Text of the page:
Saturday, December 22, 2012

My research area has been a great place to showcase the beauty and wonder of Colorado.  I have been continually amazed by what I find.   This has been a labor of love to explore the mysteries of an amazing bipedal primate that reside in our woods and forest.   The following story is in my top 3 of favorite finds that I have discovered in 2012:

I had decided to find another gifting rock that was more remote than the one I was using.  I have been able to get them to come when I whistled, whooped and knocked.  So one day in early summer my husband and I explored up and behind our gifting rock.  We wanted to climb up to the cliffs and work our way south to find a new gifting rock.

After exploring for a bit we went back down.  We slipped and slid our way down when from a distance I saw a boulder that was big and flat.  So we worked our way down to it.  In hindsight the surroundings and signs were telling us about what we would discover.  This discovery was a true surprise to us.

This rock was perfect for a gifting rock.  It was large but flat on top.  We put our gifts of food in a bowl for them and then we sat on the rock and ate.  I noticed from where I was sitting that there was a lot of brush against the other side of the rock.  I jumped down and explored it.  I was thinking that the hard rain we had a few days before caused the branches, twigs and brush to be washed down to the bottom of the rock.  I whooped and knocked a few times to tell them we had food for them.  I heard some movements and knocks on the other side of the ravine.  Then we walked around to the left of the gifting rock to follow the game trail.  My husband was in the lead when I noticed some branches and tree limbs leaning against logs on top of the end of the boulder.  I told him to stop and that maybe beside him is a tree structure.  He replied no way, that it was rain wash from the storm.  I then told him to look because the branches were purposely placed there.  He turned to it and was amazed.  Both of us were amazed.  This structure was huge and purposely made.  We then took pictures and video of this huge nest.   My heart pounded with wonder and excitement.  This was made by someone or something.  The materials used to make this structure were made by breaking or peeling tree trucks, branches and brush.   No signs of saw marks or cut marks.  This area is steep and remote.  No way there were machines used to make this.   I knew what made it.  Our forest friends made it.

I hope you enjoyed my photo of the nest and my retelling of this amazing discovery.   I wanted to show and give you more details about it.  Merry Christmas.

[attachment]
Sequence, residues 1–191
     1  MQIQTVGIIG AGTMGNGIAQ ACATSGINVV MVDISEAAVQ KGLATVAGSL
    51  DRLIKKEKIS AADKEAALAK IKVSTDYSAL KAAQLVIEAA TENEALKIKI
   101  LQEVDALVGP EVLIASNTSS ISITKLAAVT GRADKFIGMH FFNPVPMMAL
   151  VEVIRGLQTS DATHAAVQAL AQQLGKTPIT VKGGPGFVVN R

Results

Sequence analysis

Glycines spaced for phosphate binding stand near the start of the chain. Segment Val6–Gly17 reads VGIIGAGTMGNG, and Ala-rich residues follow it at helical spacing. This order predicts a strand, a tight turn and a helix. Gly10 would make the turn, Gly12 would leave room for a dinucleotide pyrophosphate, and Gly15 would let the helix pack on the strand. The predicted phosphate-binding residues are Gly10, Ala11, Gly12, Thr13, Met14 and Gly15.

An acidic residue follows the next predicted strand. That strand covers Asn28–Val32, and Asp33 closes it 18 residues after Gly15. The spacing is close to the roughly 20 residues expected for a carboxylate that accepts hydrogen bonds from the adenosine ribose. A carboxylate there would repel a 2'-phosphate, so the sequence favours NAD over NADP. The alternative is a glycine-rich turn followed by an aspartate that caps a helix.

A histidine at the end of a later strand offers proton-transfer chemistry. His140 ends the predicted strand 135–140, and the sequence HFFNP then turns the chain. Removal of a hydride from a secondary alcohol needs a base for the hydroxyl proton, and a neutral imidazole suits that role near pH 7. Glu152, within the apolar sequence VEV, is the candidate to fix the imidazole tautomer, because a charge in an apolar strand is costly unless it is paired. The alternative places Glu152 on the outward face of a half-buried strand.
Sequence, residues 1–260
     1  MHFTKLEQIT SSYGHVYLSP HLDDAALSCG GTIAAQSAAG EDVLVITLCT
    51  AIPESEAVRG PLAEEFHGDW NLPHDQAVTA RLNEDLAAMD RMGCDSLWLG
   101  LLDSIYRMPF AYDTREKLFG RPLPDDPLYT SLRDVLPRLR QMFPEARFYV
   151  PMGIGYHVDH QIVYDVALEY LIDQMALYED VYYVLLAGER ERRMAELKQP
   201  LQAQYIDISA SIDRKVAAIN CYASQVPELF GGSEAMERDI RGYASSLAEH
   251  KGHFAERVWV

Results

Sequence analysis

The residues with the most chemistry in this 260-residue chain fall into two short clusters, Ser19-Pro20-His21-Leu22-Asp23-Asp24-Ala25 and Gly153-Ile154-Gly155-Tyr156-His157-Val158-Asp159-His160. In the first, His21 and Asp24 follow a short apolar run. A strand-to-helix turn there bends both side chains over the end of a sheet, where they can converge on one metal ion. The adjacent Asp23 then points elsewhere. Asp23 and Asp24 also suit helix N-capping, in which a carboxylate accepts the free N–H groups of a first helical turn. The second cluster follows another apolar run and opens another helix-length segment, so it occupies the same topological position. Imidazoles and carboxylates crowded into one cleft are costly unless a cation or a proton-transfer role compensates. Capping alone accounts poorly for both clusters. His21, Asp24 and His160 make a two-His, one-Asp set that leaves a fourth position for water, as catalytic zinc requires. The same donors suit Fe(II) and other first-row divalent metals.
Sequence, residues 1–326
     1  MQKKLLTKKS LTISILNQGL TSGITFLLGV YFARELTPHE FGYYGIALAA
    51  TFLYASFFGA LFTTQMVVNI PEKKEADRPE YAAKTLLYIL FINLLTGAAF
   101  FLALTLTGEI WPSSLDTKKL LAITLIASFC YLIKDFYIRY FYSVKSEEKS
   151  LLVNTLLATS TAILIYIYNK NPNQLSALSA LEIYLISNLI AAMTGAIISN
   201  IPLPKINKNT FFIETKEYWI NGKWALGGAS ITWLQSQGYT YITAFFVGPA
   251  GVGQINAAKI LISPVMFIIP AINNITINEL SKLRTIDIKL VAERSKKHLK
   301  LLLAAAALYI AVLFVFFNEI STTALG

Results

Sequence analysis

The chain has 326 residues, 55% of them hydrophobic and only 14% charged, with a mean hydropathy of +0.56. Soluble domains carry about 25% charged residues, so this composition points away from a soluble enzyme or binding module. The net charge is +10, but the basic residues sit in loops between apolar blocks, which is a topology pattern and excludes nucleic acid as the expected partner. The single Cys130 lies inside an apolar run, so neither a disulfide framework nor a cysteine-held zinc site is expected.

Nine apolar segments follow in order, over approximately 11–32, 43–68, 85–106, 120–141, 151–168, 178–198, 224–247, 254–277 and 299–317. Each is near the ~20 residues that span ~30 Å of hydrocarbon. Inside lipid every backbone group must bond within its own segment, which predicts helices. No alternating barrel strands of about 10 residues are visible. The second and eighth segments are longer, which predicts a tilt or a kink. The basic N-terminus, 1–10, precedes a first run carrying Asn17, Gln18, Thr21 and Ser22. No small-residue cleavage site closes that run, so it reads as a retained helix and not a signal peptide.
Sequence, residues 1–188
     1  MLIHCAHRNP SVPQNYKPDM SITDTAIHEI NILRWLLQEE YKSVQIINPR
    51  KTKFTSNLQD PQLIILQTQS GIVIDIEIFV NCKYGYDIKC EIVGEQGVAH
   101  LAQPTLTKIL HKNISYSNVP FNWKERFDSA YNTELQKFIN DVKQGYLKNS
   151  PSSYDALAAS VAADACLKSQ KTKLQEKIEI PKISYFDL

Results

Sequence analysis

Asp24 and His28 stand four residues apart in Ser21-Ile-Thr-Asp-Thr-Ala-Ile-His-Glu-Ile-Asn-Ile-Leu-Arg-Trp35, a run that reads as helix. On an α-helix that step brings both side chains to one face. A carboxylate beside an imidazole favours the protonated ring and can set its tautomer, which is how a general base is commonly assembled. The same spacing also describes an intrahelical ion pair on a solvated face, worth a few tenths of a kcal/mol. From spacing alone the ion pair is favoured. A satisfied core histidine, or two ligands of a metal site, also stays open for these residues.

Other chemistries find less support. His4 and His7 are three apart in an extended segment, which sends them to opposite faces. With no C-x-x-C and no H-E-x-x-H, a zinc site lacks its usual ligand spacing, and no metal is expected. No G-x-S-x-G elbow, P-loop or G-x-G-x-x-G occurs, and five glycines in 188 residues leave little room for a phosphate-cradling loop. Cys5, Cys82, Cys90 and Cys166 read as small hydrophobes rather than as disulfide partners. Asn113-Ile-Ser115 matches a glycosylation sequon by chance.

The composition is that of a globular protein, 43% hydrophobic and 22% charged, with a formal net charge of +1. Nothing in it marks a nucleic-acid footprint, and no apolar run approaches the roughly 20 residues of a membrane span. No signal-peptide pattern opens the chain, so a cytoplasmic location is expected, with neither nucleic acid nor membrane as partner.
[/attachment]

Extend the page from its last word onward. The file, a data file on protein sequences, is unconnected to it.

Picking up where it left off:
Robin Roberts
*Please do not use my photo without my permission.  I posted it for your enjoyment to look at.  Not to use it or copy it.

Saturday, December 8, 2012


George Knapp: I’m dreaming of a Bigfoot Christmas

<p>(no description)</p>
(no description)
IN THE DARKENED elegance of La Scala restaurant, one of the most exhilarating — and chilling — conversations of my entire life spilled across the table. It happened more than two and a half years ago but is burned into my brain as if it transpired yesterday.
To my left sat a distinguished microbiologist, a scientist whose name is known all over the world but who keeps a low profile in his adopted town of Las Vegas. Two seats to my left was a former cop turned author and Bigfoot researcher named David Paulides. And to my right was Dr. Melba Ketchum, a DNA researcher who found herself in the middle of an unexpected but career-threatening controversy. It involves the hairy gent with Size 18, triple-wide feet, who is known by many names all over the world, but answers most often to his iconic nickname: Bigfoot.
Before I was allowed to see any of the key research material, I had to sign a nondisclosure agreement. I was thrilled to be among the first to see the information, but it has driven me crazy ever since. The only public utterance I’ve made is a prediction two years ago during a taping of the KLVX public affairs program Nevada Week in Review. Because of what I learned that fateful night, I made what seemed at the time to be a wacky, off-the-wall prediction during the program — that dramatic news would surface sometime in 2011 about the enigmatic beast known as Bigfoot.